My other friends who are currently engaged and getting married in a year are not especially religious, but want a very meaningful outdoor ceremony created especially for them.  I’d be proud to help them have exactly the kind of solemnization of their partnership they are seeking and it would be an amazing honor to work with them.

At the other end of the ceremonial spectrum, funerals are posing a challenge for many people who are not members of a church or do not feel comfortable with organized religions. I experienced this challenge first-hand with my in-laws Marge and Ed. 

Ed’s last wishes were clear: he wanted cremation and there was to be no funeral. The unfortunate thing is without a ceremony or event of some kind, there was no closure and no shared experience for Ed’s grieving family, friends and neighbors. After several days of feeling helpless, I threw together a small reception at my in-law’s home so that people could come and share stories and pay their respects. My father-in-law loved donuts so sharing one of his favorite foods with some of the people who loved him just made sense—and in a small way, it made everyone feel a tiny bit better.

When my mother-in-law Marge passed away two years later, her three daughters decided that they needed do to something even though Marge had specified cremation with no funeral. They decided to have a visitation with no ceremony. So I built a slide show of family photos to play on a loop and the grandchildren made boards of family photos. It was nice and much better for everyone who wanted to pay their respects and for the family than the donut reception for Ed, but it was still missing something.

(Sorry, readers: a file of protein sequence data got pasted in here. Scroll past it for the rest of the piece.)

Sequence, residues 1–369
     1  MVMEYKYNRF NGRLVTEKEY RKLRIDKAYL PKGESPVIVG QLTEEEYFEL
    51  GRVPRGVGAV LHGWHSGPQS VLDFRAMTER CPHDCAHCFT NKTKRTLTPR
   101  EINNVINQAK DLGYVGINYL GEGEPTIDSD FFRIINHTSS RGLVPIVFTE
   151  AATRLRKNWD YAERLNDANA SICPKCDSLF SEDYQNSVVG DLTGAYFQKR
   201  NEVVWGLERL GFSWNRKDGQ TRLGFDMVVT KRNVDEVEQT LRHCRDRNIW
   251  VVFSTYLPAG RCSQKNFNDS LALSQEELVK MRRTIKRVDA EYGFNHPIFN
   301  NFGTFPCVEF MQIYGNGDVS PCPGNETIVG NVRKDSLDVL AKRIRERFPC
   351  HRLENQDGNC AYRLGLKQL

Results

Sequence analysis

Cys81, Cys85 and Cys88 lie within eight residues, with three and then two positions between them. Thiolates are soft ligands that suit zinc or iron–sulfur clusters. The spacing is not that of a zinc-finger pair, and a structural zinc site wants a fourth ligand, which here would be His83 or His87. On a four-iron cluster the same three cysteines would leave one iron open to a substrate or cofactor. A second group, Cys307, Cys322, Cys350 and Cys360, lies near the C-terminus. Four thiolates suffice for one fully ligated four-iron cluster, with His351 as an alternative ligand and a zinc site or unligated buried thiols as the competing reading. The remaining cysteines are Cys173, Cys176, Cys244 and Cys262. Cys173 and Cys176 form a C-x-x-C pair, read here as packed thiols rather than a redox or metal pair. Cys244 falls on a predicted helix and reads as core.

Later when my husband and his sisters placed the ashes of their parents in a crypt, there was no ceremony. No words. No music. Not much of anything beyond a little bit of small talk. My heart ached with the lack of closure I was experiencing—especially since I know that my own parents’ wishes are similar to my in-laws.

Another area where I feel that I can help with ritual and sense of closure is by putting my experience as a pet caregiver and animal rescuer to work by creating pet memorial ceremonies for pet parents. Recently I watched helplessly as one of my friends experienced and processed the devastating news of her senior dog’s unexpected passing. I tried to come up with the right words to share at the particular moment, to help her with her grief, but I would like to have done more and I believe she would have appreciated something to help acknowledge and celebrate the sweet little dog’s importance in the world.

As I get closer to 50, the realities of aging and my fast-developing role as an elder in the community are becoming more and more apparent. I want to make a difference in people’s lives and give them what they need to continue to move forward—whether it’s in joy or sorrow.  

That’s why I see myself moving into a new phase of my life and starting a second career that I can begin now while working full time and continue when I’m “retired”.

Becoming a Celebrant would achieve all of those things, allow me to make use of the skills I’ve cultivated over the past 47+ years, and ensure that I could continue to do work that I love well into my retirement years.

PS: I loved my training as a Life-Cycle Celebrant! In addition to learning the Fundamentals of Celebrancy, I earned certifications in Wedding Celebrancy and Funeral Celebrancy from the Celebrant Foundation and Institute. The training was everything I hoped it would be—and more! And it’s prepared me well to help people from all walks of life and various belief systems to create their ceremonies their way. Let me know how I can help you!